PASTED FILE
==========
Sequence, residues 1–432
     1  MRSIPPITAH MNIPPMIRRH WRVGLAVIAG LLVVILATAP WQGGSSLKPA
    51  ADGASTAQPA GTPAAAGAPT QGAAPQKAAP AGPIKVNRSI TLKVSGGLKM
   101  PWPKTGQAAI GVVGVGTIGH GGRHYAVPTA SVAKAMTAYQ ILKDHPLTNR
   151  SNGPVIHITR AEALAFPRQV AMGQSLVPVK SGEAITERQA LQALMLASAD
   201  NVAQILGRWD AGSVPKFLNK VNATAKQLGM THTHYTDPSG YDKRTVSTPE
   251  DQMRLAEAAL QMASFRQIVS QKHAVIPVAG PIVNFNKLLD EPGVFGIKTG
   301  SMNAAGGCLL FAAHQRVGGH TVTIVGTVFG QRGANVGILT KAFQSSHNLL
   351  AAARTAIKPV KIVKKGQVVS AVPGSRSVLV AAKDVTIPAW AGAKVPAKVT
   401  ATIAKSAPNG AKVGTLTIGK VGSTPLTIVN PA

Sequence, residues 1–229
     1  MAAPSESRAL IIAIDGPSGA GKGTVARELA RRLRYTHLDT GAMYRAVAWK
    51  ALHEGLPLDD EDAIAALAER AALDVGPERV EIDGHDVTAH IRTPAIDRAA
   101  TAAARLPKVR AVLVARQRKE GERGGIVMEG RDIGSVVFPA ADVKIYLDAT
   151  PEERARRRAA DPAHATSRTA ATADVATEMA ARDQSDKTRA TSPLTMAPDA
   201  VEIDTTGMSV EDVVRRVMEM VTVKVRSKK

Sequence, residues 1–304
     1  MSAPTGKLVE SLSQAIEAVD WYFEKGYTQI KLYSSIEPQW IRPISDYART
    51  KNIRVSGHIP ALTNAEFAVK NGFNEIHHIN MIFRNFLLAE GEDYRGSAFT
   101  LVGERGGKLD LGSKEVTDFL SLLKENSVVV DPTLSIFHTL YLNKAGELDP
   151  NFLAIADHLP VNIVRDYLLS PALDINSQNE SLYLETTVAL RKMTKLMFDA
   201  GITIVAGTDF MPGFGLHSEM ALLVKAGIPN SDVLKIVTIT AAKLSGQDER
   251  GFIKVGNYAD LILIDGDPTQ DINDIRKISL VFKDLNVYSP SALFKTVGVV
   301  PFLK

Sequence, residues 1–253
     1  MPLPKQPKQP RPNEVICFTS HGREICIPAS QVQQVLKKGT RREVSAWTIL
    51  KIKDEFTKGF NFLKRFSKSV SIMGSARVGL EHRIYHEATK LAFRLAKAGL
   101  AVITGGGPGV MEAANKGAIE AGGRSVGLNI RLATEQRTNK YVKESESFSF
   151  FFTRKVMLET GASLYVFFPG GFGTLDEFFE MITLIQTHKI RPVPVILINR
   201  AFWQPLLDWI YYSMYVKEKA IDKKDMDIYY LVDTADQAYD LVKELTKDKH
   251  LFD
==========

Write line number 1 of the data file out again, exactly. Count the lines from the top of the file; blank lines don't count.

Sequence, residues 1–432